Pinhole Exposure Times
Hi guys and gals,
I'm about to venture into the (hopefully) wonderful world of large-format pinhole photography, and I need a little help from all you fine people here.
First off, I'm using an old 5x7 Kodak View Camera No. 2-D (not that it matters), with a bellows extension somewhere between 6" and 14". I bought a set of 3 brass pinholes on eBay. They range in size from 0.34mm to 0.63mm.
In order to not waste too much film, I'm trying to figure out a base exposure time for Bergger BFP200. Using the old sunny 16 rule, and calculating my effective F-stop with a bellows extension of 8" as somewhere around f/320 (0.63 / 25.4 = 0.025 inches, 8" / 0.025" = 320), it seems to me that my exposure time in bright sun is between 1/8 and 1/4 second. Even if the true effective speed of the film is closer to 100 than 200, we're still talking about sub-second exposures.
Does that sound right to you pinhole guys? I had been assuming that my pinhole exposure times would be in excess of a second, so that I wouldn't need a shutter (just use some sort of opaque material in front of the "lens", remove it to expose, then replace it), but my calculations indicate otherwise.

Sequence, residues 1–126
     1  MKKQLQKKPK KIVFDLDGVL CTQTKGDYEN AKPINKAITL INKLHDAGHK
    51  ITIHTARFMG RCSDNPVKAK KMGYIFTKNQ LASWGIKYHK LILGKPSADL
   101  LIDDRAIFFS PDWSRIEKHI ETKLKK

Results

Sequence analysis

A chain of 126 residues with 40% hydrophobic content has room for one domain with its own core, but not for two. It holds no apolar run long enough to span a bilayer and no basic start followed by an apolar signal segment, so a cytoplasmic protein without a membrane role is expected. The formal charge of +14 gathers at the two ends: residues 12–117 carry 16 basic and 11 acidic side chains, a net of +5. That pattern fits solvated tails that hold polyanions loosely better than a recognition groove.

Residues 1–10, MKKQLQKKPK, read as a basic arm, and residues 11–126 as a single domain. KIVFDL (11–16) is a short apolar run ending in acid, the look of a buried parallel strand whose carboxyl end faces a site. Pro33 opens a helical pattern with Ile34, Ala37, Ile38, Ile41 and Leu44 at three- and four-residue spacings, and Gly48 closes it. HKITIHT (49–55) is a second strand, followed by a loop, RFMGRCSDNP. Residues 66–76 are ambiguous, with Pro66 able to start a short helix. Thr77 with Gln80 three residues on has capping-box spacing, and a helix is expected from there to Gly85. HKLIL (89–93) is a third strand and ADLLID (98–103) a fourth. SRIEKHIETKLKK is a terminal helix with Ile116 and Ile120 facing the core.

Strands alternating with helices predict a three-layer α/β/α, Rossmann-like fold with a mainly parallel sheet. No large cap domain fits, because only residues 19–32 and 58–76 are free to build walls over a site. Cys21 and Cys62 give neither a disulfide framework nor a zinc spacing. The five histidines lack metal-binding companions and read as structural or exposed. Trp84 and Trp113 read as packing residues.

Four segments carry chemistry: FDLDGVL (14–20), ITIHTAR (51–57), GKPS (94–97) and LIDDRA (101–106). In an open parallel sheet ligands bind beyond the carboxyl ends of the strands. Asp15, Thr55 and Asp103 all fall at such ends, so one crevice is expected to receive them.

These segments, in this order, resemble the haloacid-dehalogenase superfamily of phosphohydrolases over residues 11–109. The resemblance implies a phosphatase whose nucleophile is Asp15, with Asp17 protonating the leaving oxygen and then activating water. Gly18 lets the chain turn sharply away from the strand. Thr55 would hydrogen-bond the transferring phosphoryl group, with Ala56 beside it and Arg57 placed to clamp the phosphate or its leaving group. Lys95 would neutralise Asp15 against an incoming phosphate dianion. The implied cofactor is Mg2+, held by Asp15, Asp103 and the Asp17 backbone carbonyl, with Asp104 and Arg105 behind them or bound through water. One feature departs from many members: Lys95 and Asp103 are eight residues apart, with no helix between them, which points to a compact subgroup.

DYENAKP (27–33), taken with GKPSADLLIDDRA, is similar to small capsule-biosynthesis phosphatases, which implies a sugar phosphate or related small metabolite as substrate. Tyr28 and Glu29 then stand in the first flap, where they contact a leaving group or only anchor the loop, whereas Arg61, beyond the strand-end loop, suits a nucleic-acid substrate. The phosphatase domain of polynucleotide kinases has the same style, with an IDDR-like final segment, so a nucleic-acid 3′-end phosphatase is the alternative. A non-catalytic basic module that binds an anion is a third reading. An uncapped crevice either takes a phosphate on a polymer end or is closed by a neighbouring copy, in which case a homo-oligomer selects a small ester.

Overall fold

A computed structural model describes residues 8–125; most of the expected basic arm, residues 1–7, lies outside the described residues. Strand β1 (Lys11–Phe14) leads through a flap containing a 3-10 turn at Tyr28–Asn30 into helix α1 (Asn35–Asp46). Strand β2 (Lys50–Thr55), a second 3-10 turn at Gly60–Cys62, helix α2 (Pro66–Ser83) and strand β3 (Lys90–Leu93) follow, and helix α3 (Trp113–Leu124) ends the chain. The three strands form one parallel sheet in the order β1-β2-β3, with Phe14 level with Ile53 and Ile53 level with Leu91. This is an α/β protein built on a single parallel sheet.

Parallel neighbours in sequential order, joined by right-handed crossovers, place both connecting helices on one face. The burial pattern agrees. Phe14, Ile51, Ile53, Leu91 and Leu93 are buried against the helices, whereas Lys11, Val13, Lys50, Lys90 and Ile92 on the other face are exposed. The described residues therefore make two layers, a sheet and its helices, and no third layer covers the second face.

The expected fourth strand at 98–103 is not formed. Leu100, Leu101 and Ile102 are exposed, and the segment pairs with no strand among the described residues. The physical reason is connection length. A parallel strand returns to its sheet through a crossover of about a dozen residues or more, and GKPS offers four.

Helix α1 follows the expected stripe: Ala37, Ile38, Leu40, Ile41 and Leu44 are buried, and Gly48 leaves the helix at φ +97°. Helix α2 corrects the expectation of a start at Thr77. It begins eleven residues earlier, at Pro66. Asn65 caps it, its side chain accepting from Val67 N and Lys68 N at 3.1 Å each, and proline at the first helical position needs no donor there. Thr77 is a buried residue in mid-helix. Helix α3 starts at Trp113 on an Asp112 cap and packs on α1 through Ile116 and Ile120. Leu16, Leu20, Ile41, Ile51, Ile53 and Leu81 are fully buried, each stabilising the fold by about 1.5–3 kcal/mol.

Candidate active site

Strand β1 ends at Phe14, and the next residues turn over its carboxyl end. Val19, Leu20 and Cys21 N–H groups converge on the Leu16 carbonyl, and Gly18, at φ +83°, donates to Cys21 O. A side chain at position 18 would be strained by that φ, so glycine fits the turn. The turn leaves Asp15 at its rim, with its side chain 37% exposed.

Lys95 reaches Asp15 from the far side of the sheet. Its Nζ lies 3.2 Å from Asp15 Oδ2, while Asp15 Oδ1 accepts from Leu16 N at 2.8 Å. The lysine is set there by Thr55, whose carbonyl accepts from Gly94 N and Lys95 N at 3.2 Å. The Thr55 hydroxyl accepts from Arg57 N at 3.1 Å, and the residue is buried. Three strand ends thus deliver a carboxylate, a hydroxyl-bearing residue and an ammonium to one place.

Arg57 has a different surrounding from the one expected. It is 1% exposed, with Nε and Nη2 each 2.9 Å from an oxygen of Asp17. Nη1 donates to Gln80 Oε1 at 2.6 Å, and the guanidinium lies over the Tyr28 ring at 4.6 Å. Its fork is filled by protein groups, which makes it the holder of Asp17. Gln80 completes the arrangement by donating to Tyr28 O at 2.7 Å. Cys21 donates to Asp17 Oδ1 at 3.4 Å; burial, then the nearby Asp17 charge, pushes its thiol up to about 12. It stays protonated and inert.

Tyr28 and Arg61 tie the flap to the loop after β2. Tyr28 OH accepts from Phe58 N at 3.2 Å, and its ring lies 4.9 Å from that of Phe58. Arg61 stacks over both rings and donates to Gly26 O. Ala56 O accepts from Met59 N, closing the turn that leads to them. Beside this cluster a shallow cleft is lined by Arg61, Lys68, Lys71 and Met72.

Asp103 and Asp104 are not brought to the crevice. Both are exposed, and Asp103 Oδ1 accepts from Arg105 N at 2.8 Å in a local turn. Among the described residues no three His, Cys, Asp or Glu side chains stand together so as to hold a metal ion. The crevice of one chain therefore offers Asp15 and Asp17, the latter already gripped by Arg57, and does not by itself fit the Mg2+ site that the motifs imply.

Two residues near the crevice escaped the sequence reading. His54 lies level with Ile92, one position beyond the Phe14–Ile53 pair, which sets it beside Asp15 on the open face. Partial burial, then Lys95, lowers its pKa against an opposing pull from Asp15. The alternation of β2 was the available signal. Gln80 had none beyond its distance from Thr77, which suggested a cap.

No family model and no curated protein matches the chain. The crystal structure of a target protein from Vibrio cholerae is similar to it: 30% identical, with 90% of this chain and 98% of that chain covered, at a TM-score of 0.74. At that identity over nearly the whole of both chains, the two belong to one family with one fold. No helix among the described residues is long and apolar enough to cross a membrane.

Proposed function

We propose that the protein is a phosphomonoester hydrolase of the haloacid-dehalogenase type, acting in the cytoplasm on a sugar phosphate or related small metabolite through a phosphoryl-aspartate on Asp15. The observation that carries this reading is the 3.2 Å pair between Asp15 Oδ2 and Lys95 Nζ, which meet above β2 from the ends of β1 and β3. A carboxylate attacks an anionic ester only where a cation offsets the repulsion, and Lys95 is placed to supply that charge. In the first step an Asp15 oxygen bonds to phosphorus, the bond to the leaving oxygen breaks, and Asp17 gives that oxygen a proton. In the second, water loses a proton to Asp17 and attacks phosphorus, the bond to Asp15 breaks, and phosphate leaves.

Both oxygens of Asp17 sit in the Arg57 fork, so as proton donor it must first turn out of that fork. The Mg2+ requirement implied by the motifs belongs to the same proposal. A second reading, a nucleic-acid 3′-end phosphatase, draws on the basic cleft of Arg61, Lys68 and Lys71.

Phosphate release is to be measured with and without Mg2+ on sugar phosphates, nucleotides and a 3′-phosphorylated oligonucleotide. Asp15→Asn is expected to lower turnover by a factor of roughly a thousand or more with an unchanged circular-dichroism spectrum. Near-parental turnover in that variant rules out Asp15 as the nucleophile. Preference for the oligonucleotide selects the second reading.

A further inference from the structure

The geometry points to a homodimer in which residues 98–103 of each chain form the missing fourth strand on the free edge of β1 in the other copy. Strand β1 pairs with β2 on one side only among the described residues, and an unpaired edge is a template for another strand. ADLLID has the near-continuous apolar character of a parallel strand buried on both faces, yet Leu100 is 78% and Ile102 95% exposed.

I'd appreciate any advice/confirmation/refutation you can offer, and thanks in advance!
Try www.mrpinhole.com for an online calulator. Also, the this little tool, which runs localy, http://www.pinhole.cz/en/pinholedesigner/ can export charts that include film reciprocity...
A quick way to calculate exposure for f/320 -- multiply your f/16 exposure by 400: two stops from f/16 to f/32, and then a factor of 100 from f/32 to f/320, so with a range from 1/100 to 1/200 at Sunny 16, you'd have two to four seconds, not counting reciprocity failure (depending on the Bergger reciprocity curve, you might need real exposures anywhere from four to twenty seconds, and could also need N-1 to N-2 development to tame the contrast rise).
Photography has always fascinated me -- as a child, simply for the magic of capturing an image onto glossy paper with a little box, but as an adult because of the unique juxtaposition of science and art -- the physics of optics, the mechanics of the camera, the chemistry of film and developer, alongside the art in seeing, composing, exposing, processing and printing.
Thanks for setting me straight, guys.
I, ummmm, screwed up by, ummmm, making a, ummmm... simple mistake, namely calculating the difference between f/16 and f/320 as 4 1/3 stops, when it's actually more like 8 1/3 stops. :rolleyes:
2-4 seconds in bright sun, that sounds more like what I was expecting. Whew!